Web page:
Maple Bootcamp and Maple Grading Workshop

Maple Enthusiasts!  We would like to draw your attention to a couple of upcoming programs being offered by our partners at Penn State University.  The two workshops are listed below with links to the registration page for each.

First, we are offering a maple grading workshop on September 6th


Second, it is Penn State’s turn to host Maple Bootcamp.  The camp will run from September 6th – 8th  and cover all things maple.


These are being offered as part of a USDA ACER grant between Penn State, Ohio State and Future Generations university.








What’s so Critical about Fall Cutting?

Amber Friedrichsen, Associate Editor, Hay and Forage Grower
(Previously published in Hay & Forage Grower: August 29, 2023)

The critical fall period for alfalfa has been said to start about six weeks before the first killing frost, which is roughly around the first week of September for most of the Midwest. This hard stop in harvest schedules is supposed to ensure plants store enough energy in their roots to survive the winter, but with improved alfalfa varieties, variable stand conditions, and warmer weather patterns, how critical can this period really be?

Despite heat indices recently reaching the triple digits in some parts of the Central U.S., temperatures will likely calm down as we flip the calendar from August to September. The sun is also setting noticeably earlier each day, and the combination of milder temperatures and shorter day lengths sends a signal to alfalfa to prepare for fall dormancy.





Continue reading What’s so Critical about Fall Cutting?

Pricing profitably: Direct-to-consumer meat sales have the potential to increase farm revenue

By Brianna Gwirtz, OCJ field reporter
(Previously published online with Ohio’s Country Journal: August 27, 2023)

The input costs to farm have been continually rising for many years. The U.S. Department of Agriculture’s (USDA) February 2023 Farm Sector Income forecast projected total farm production expenses in 2023 at nearly $500 billion, up 4% from the prior year, but up $87 billion, or more than 28%, from 2020. For those raising livestock, looking outside of the typical commodity markets and focusing on direct-to-consumer meat sales may be an opportunity to increase revenue.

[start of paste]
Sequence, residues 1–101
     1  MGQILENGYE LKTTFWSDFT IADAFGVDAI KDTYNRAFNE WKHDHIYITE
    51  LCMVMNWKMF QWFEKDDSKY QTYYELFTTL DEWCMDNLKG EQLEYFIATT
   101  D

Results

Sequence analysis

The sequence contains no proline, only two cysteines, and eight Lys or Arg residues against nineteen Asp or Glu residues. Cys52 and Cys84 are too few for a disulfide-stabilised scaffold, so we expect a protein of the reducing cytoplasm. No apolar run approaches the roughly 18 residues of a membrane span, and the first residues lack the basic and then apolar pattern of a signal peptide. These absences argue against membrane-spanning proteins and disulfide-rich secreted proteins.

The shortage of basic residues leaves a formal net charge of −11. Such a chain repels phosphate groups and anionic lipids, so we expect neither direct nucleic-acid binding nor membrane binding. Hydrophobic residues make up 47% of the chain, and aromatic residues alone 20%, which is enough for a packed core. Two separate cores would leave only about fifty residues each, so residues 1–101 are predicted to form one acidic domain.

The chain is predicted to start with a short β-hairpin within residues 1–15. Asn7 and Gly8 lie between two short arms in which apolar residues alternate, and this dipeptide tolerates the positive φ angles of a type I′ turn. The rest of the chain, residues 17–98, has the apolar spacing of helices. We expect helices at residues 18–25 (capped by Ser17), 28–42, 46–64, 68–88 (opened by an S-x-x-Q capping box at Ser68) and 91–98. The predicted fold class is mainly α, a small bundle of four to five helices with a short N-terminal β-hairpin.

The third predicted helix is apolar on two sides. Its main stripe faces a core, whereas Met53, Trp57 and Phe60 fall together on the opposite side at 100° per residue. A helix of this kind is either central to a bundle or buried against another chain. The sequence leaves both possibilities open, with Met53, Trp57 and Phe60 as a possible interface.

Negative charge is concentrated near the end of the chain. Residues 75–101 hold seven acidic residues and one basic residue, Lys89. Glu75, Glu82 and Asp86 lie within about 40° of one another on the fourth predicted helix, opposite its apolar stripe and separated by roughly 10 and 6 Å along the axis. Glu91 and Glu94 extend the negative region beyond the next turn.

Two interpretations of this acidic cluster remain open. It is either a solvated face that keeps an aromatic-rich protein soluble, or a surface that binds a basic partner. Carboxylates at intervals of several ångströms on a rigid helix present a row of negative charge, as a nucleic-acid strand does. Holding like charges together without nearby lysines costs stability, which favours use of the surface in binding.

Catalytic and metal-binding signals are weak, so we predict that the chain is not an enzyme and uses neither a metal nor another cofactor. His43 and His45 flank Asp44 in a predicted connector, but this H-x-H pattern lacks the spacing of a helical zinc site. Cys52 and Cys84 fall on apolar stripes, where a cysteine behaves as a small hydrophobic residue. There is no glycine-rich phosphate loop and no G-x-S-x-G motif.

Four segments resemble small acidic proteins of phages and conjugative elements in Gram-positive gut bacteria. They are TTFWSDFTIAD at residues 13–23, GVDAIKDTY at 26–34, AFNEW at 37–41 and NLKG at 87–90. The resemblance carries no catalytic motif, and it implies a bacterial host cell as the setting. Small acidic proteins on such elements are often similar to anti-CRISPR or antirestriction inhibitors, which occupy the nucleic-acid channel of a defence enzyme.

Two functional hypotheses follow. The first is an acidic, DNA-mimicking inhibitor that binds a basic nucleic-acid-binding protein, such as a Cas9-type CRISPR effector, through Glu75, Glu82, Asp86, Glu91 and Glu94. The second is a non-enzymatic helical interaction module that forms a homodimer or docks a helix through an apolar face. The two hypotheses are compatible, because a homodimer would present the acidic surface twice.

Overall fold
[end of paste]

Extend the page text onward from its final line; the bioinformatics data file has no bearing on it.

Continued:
Continue reading Pricing profitably: Direct-to-consumer meat sales have the potential to increase farm revenue

Field Observations Thru August 25


Growth & Development

Last week I highlighted the R3 (milk) growth stage.  R4 is the next stage, occurring approximately 26 days after silking.

R4 – Dough

  • This stage is about 26 days after silking.


  • The kernel has thickened to a pasty (doughy) consistency from the earlier milky state (starch has continued to accumulate and kernel moisture content has decreased).
  • The embryo of the seed is growing while the kernels are just beginning to dry at the top (dent).
  • Kernels have accumulated 50 percent of their dry weight and have about 70 percent moisture.
  • Unfavorable environmental conditions or nutrient deficiencies still can result in unfilled kernels and “chaffy” ears.


Disease pressure throughout the county continues to be very low. Continue to scout for:

Chaffy Ears

  • Foliar diseases
  • Weed escapes (especially Palmer and Waterhemp)
  • Head smut
  • European corn borer
  • Barren stalks, poor pollination
  • Nutrient deficiencies



Growth & Development